Currencies: the U.S. dollar had a very difficult month relative to almost every other major currency. The greenback gave back almost 4% relative to the Japanese yen, although it remains within the trading range for the year. The dollar particularly suffered versus the Euro on concerns of a potential downgrade of U.S. government credit due to the ongoing fiscal deficit.
Commodities: this is where the real action occurred this month. Commodities, in general, posted their largest monthly gain in 34 years. Oil was up 30.1% on the month and 55.6% on the year. Gold rallied 11% on the month and is up a like amount for the year.
Looking Behind the Numbers . . .
As I view the monthly and annual numbers, I am drawn to a comparison of a football pass thrown in a game. That is, when the football is thrown, three things can happen and two of them are not good. The pass can be completed, fall incomplete, or be intercepted.
Similarly, our economy can gradually improve with credit lines opening, housing and employment stabilizing, and markets improving – much like a completed pass.
Our economy can stumble under the weight of a surge in delinquencies and foreclosures in the residential space, a wave of commercial real estate defaults, and a double digit unemployment situation – much like an incomplete pass.
Our economy can stabilize with enough traction to create velocity in the growth of the money supply. Given the trillions of dollars injected both directly and indirectly, a hint of velocity will likely spark a sharp increase in the expectation of inflation even prior to actual signs of inflation. The price action in the commodity and currency space are sending warning signals on this front. This development is akin to an intercepted pass.
Economic Review . . .
As I look back on the wealth of economic data, I am continually struck by the downward revisions to prior months’ numbers. Although consumer confidence has increased, in my opinion, virtually every other statistic both here and abroad shows ongoing caution signs. These numbers include retail sales, housing, employment, and industrial production. Overseas the export data is decidedly weak.
Perhaps the markets are discounting an expectation of improved economic data due to the $780 billion Stimulus Bill starting to kick in later this year. The major money center banks have clearly been stabilized, although it took a fabrication in their accounting (via a relaxation in the mark-to-market) to do so.
The movement in commodities is clearly indicating a sign of improved economic activity and/or heightened inflation, or both. It is not inconceivable that our economy does get inflation sooner than later combined with minimal credit flow due to ongoing writedowns on delinquent or foreclosed loans. Combine these two components and we have a very real chance of stagflation over the next few years.
The Path Forward . . .
The steepening of the yield curve (rates on short term maturities relative to long term maturities) is very positive for our banking industry. The banks can continue to borrow money at extremely low rates and earn significant interest on almost any sort of lending that occurs. That said, new loan demand is not strong while demand for refinancing is quite strong.
My concern currently is not with the major money center banks. I am VERY concerned with the non-bank banks (Freddie Mac, Fannie Mae) and the Federal Home Loan Banks (FHLBs). Given the ongoing surge and expected high levels of residential loan defaults, these institutions will bleed money. The insurance sector, despite some recent improvements in their stock prices, also concerns me given their commercial real estate holdings primarily.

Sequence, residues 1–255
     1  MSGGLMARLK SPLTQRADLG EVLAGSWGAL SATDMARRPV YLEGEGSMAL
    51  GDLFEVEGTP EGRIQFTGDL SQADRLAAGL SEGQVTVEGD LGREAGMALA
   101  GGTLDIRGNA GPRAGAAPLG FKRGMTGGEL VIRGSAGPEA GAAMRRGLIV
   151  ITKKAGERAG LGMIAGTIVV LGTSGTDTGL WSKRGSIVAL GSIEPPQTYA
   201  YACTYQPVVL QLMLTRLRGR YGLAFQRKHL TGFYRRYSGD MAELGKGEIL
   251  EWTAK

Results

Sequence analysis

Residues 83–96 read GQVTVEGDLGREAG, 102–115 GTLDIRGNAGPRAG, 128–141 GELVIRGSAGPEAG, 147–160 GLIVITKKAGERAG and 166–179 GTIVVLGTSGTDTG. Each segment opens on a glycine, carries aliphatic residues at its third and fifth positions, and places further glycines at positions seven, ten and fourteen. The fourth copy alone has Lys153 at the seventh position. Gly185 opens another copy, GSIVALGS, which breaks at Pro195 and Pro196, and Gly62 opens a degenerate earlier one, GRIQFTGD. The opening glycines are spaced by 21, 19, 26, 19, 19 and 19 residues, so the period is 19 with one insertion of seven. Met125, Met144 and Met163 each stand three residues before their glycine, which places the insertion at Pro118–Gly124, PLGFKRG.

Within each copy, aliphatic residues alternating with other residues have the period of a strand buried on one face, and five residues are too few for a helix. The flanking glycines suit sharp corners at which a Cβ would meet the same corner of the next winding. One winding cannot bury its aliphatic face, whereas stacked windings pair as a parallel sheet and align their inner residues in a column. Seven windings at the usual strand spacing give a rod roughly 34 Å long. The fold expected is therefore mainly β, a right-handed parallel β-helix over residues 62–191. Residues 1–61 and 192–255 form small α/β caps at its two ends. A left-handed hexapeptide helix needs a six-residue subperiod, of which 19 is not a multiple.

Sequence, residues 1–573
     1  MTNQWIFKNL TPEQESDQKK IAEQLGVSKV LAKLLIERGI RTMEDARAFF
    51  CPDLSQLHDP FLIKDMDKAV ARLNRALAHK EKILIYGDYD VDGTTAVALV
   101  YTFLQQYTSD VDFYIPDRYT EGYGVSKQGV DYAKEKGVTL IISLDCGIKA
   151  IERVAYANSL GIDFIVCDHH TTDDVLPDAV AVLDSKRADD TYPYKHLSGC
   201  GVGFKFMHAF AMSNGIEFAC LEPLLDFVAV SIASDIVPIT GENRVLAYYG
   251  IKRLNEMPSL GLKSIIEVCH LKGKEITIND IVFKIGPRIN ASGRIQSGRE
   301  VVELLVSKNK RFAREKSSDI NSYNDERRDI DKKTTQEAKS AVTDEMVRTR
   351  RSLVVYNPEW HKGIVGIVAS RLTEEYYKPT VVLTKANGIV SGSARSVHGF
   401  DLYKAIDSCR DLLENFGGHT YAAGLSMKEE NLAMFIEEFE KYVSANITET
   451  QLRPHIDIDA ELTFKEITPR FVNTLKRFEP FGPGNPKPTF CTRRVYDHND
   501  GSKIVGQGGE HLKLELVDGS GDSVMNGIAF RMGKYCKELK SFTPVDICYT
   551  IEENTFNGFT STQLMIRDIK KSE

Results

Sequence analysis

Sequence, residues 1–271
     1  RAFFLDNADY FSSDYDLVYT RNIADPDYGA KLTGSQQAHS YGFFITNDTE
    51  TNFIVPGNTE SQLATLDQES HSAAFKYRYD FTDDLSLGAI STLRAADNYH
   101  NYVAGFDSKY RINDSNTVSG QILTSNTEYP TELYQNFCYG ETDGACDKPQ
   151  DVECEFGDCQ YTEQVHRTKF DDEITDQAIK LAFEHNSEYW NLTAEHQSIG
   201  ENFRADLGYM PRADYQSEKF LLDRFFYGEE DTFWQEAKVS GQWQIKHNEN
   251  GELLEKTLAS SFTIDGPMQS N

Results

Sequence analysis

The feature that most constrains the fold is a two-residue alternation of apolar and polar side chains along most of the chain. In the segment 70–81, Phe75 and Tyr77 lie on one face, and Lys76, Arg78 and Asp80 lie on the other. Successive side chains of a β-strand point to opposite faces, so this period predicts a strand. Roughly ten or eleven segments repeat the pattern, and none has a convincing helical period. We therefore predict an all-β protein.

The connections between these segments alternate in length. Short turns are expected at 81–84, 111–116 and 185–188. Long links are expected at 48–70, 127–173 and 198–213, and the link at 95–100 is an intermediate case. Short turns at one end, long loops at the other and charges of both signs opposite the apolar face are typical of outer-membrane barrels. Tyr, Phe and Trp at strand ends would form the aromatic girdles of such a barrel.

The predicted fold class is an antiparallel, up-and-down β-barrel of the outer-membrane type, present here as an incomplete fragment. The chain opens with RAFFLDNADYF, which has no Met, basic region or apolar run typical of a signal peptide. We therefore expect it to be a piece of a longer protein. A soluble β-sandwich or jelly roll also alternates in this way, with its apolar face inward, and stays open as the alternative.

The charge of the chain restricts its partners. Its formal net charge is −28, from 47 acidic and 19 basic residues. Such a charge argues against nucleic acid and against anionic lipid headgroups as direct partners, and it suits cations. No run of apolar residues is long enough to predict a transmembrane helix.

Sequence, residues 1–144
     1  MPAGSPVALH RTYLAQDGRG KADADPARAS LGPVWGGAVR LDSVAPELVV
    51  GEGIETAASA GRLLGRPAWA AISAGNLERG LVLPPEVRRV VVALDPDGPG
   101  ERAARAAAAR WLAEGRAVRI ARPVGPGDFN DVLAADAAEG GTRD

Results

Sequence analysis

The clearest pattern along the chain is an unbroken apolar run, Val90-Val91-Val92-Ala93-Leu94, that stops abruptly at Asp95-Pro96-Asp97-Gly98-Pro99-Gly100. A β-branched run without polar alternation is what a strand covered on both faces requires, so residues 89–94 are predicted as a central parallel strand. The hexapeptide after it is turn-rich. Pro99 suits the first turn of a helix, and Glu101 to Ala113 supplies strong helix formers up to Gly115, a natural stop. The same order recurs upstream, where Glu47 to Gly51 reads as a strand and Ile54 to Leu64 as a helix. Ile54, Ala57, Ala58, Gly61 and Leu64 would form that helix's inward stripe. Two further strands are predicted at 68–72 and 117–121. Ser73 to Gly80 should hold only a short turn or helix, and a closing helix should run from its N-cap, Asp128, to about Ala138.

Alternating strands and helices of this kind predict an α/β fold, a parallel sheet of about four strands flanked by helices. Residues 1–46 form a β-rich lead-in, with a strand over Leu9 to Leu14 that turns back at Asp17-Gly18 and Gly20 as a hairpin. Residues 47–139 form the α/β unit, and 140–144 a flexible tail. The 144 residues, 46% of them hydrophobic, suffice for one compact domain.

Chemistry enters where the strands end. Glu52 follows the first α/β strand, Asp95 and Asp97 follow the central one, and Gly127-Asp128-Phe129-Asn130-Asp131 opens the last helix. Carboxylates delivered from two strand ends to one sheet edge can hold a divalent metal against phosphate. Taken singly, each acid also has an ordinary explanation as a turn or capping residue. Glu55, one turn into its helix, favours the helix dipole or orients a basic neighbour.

I do believe longer term interest rates will continue to work their way higher under the weight of supply of global government debt, and expected ongoing heavy demand (May was a very heavy issuance of both bonds and stocks) by municipal and corporate issuers. Do not be surprised to see our 10 yr Treasury note get to 4% and 30yr fixed rate mortgages get to 6%.
The deleveraging process will continue as the economy adjusts to life without a vigorous securitization business (remember the securitization business on Wall Street provided 40-45% of total credit to our economy).
Add it all up and I think the following will occur:
- equity markets will now move sideways in range bound fashion;
– the bond market will move lower in price, higher in rates;
– the dollar will gradually decline;
– our economy will be filled with more stops than starts.
Please share your thoughts and comments!! Thanks.
Posted by Larry Doyle on May 29th, 2009 2:19 PM |
On this historic day in which the government of the United States of America is on the doorstep of taking a majority equity stake in General Motors, I thought it may be prudent to address manufacturing in America.
To that end, former Clinton administration Secretary of Labor Robert Reich provides highly insightful commentary at Wall Street Pit: The Future of Manufacturing, GM, and American Workers (part I).
As we wonder what the future of our automotive manufacturing industry may look like as well as manufacturing in general, I strongly recommend we take Reich’s words to heart. Let’s take a round trip as we review the dynamics of the Industrial Revolution and the road ahead:
What’s the Administration’s specific aim in bailing out GM? I’ll give you my theory later.
For now, though, some background. First and most broadly, it doesn’t make sense for America to try to maintain or enlarge manufacturing as a portion of the economy. Even if the U.S. were to seal its borders and bar any manufactured goods from coming in from abroad–something I don’t recommend–we’d still be losing manufacturing jobs. That’s mainly because of technology.